I’m guessing, though I may be wrong, that you are getting weary of people asking questions and telling you they are sorry.
It’s why Nora McInerny’s podcast is called, “Terrible (thanks for asking.)”
Which is a perfectly acceptable thing to say. Because, of course, we often are asking you questions to make ourselves feel better and because we don’t know what to say. Even me, now.
And it’s why I say, “This is hard.” Because that sentence acknowledges that this. is. hard.
- If you are feeling particularly overwhelmed, tell people to have a nice day and watch them wince as they respond with “you too” and then realize what they just said.
- When people ask what they can do, tell them that they can put on their calendar to ask that question again in a month. And then on December 12th. (I just put it on my calendar)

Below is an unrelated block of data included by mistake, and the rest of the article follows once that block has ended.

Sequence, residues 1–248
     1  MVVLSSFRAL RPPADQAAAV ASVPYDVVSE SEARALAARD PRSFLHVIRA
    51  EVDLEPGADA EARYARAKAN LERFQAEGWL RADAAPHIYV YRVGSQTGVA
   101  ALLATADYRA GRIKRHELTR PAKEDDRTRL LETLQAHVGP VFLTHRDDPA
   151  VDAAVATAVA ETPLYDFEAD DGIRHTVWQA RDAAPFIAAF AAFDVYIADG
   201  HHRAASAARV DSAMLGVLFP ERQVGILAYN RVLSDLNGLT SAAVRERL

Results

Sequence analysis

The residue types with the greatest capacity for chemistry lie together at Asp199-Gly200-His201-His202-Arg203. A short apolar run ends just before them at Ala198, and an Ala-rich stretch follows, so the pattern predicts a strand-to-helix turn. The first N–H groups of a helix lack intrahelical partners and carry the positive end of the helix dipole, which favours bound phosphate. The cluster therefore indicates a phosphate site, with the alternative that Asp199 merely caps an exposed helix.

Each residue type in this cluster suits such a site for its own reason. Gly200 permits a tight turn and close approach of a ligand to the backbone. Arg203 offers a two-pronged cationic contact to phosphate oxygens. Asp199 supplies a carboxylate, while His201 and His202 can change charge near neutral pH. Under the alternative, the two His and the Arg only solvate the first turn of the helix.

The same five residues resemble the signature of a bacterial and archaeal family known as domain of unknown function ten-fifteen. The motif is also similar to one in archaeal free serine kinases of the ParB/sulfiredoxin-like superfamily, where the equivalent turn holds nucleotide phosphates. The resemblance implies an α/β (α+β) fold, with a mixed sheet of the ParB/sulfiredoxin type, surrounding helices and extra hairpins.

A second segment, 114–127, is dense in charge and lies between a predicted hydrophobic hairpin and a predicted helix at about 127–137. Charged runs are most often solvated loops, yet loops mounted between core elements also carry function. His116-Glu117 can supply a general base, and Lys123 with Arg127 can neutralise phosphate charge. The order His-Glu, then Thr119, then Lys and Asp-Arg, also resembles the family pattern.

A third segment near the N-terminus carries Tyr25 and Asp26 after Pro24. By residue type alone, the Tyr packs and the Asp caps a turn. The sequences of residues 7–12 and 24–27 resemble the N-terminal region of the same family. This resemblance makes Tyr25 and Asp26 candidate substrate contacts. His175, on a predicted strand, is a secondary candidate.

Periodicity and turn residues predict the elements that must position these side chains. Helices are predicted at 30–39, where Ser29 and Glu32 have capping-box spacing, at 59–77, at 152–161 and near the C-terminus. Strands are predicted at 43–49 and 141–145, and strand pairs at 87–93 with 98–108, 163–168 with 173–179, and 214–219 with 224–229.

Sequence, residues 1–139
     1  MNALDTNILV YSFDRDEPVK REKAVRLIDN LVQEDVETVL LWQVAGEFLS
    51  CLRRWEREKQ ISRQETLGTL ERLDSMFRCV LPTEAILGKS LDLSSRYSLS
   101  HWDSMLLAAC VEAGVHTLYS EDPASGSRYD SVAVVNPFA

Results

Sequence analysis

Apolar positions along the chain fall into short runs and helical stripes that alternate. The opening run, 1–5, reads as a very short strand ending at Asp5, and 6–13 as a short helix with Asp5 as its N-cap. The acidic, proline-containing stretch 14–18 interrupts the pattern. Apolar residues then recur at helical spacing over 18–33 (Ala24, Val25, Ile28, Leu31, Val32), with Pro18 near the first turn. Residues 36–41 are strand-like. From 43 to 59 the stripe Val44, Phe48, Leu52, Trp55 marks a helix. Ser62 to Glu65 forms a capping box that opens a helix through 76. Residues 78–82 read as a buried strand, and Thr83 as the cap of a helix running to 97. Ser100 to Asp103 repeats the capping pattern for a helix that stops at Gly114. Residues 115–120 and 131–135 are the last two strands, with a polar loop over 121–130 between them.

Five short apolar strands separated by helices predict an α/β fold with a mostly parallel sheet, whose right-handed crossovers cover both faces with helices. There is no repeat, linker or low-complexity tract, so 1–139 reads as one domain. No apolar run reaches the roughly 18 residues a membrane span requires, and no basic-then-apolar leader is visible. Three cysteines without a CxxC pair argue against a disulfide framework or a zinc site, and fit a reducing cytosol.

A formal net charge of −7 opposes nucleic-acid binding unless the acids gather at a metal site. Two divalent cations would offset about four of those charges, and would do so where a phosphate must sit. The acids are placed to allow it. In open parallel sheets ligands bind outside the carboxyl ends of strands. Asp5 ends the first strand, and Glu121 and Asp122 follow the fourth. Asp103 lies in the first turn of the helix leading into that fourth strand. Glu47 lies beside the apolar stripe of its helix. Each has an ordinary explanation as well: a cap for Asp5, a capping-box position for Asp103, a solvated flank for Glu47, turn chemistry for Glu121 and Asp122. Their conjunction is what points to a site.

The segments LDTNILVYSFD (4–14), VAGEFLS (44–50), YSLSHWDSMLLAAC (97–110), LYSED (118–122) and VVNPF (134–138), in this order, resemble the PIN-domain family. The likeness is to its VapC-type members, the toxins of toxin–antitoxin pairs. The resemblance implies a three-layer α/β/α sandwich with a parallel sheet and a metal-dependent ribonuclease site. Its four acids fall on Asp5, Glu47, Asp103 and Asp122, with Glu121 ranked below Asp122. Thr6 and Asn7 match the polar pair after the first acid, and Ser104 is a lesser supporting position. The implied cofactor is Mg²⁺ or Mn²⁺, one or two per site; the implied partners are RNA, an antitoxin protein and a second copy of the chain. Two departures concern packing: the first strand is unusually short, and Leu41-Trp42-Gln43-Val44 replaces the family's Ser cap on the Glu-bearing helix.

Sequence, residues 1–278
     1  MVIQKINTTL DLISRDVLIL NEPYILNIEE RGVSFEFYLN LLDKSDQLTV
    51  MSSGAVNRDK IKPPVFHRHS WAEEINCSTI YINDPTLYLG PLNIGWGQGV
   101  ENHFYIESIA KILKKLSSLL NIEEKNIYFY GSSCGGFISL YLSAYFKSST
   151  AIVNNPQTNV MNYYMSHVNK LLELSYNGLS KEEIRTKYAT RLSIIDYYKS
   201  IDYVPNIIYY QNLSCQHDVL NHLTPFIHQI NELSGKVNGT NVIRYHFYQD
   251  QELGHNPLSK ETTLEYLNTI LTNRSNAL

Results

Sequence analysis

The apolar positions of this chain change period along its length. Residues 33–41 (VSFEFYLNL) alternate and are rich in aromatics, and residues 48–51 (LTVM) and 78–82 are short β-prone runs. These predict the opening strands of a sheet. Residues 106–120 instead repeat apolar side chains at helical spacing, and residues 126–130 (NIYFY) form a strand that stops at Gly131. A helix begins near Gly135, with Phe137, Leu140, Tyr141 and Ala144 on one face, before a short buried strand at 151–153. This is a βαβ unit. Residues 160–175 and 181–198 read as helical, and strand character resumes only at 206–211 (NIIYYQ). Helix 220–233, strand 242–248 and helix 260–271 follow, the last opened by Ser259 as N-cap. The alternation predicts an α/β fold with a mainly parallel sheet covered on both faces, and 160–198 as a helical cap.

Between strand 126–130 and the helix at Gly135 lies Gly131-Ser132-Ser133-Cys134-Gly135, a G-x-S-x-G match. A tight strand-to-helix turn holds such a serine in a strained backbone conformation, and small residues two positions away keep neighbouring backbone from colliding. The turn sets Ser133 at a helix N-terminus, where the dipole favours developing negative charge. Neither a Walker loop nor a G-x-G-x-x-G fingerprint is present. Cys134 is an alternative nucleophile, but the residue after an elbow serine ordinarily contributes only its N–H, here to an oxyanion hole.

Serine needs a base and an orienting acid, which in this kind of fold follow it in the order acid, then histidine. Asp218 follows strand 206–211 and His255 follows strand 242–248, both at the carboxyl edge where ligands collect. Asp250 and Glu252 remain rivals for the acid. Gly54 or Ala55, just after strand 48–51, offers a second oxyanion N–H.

- When people ask what they can do, tell them to ask Jeff, or ask Helen. Or ask Xavier. Seriously. Deflect to a specific person.
- Here’s what I wrote in a book: And then there is this: You can call a time-out. Like in a basketball game or a football game, you can say, “I can’t answer that this minute, I need to catch my breath.”
- I could be wrong, but you all may feel this sense of needing to be nice and hospitable because of all these people hurting and not knowing what to say and wanting to help. You don’t need to be any more hospitable than is helpful to you.
- If anyone has a sentence that includes a “but”, (like “this is hard but you are strong”, you get to smile and nod and put their name on your list of people to never talk to again.
- And Jeff, when people ask you what they can do, gather names for the first snowfall. And make a list of what he would answer, and what he did for others.
Friends, I’ve got nothing but words. We’re grateful for the very best, most understanding people who will show up. And we love you all.
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